Point: Endorsement permission is assumed unless specifically
denied. Groups who have hired speakers expect that they may be
used as a reference with another company. Unless your calendar
is totally full and you receive more calls for business than you can
accommodate, good prospecting is a necessity. Newsletters and
press releases with potential client information abound. This is a free
market economy in which only the brave thrive.
Counterpoint: Ethical endorsement requires the permission of the
endorser. Some speakers cross over this ethical line, implying
endorsement even if not stating it. Also, it is not ethical to list
as clients groups or companies you have spoken to
only once and/or many years ago. The term “client”
implies a current relationship. One-time audiences
that have long since forgotten the speaker or the
speech are not technically current clients. Another
example of this is misrepresenting your relationship
with another speaker by contacting companies
or associations who have hired them, implying
that you are being recommended to them by
What are the ethical guidelines regarding
speakers selling to upcoming speakers?
Point: Speakers selling their services to other speakers is good business. This potential ethical issue is usually discussed when experienced speakers are interpreted as targeting novice speakers and
making a lot of money from them in the process. In a market
economy, what is wrong with this, if in fact, two adults are willing to
exchange money for services agreeable to both? Experienced
speakers can provide important assistance to novice speakers,
and to do so for a mutually agreed to fee benefits both.
Counterpoint: Experienced speakers should spend their time mentoring to, not selling to, novice speakers. Professional associations,
such as NSA, encourage the masters to shepherd those new to the
fold. Novice speakers are easy targets for slick marketing, which
can result in denigrating the speaking profession. Experienced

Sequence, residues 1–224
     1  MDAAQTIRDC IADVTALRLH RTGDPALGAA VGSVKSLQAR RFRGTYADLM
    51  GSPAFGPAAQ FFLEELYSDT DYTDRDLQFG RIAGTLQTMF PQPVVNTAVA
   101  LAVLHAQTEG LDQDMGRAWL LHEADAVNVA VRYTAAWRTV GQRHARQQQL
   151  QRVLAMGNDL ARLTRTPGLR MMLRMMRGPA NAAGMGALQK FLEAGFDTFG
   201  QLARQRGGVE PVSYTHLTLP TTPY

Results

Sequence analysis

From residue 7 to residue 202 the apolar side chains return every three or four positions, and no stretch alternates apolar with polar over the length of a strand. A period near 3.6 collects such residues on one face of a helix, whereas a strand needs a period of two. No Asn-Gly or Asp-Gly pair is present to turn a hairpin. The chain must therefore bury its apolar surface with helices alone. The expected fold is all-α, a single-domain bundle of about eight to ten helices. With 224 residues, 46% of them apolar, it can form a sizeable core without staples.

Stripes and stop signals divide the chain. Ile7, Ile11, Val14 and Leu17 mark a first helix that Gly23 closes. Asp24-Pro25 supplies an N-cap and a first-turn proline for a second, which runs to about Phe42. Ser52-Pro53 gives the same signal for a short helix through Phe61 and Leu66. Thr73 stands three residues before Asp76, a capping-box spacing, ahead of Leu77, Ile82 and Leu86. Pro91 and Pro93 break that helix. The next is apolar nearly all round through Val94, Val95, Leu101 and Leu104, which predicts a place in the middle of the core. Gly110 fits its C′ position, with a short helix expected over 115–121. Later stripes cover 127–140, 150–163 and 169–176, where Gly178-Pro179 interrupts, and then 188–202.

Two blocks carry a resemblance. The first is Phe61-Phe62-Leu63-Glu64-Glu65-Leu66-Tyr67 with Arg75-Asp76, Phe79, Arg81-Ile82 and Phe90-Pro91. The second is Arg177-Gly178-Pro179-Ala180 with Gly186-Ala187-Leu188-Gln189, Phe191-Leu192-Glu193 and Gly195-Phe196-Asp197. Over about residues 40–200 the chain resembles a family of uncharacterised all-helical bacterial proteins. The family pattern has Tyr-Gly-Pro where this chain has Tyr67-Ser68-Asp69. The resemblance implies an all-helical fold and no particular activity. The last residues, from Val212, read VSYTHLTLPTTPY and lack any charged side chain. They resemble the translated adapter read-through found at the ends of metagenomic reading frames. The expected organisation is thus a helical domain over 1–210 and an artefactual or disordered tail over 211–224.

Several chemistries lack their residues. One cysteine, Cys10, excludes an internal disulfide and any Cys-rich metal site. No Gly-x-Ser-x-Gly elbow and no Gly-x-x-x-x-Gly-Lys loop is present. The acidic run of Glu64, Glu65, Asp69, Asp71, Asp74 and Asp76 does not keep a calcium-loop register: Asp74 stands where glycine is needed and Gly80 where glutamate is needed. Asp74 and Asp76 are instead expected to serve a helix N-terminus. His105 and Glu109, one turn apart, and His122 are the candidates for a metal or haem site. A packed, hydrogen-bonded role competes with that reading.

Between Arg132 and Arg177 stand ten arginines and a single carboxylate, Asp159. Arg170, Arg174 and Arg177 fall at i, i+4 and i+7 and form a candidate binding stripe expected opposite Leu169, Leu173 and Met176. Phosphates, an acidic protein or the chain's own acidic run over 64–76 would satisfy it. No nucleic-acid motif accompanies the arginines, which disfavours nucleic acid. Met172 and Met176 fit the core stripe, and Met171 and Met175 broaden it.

speakers serving as mentors can help novice speakers avoid this.
What guidelines should we follow in creating
hype in our marketing?
Point: Embellishing the truth is ethically acceptable. In marketing as
in life the same terms are interpreted differently by different people.
There is no way to control the differentiation. Who is to say what specific number defines “frequently?” How many is “many?” Who determines “best?” If it is technically not incorrect, is it ethical?
Counterpoint: Descriptive terms speakers use should be accurate,
not “stretching the truth.” For example, “Frequently quoted author in
many publications” is not accurate to describe a speaker who has
been quoted twice in a local publication. “Heralded by many as the
best business speaker of current times” is probably stretching the truth
unless the “many” being referred to is someone’s family! This description can be accurate if “the” is changed to “one of the.”
You might have easily answered the questions posed above.
You may have agreed with the points or counterpoints. Or you may
be left with more questions. Wherever you find yourself on these
points, have a framework for your ethical decision-making while
being willing to challenge your own assumptions with new and better information.
In doing so, there will be less, or no, “shame in your game.”
Patti Fralix inspires positive change in work,
life and family through speaking, consulting,
and coaching in leadership and related
areas. She is a past president of NSA/Caroli-nas and chair of the 2007–2008 NSA Ethics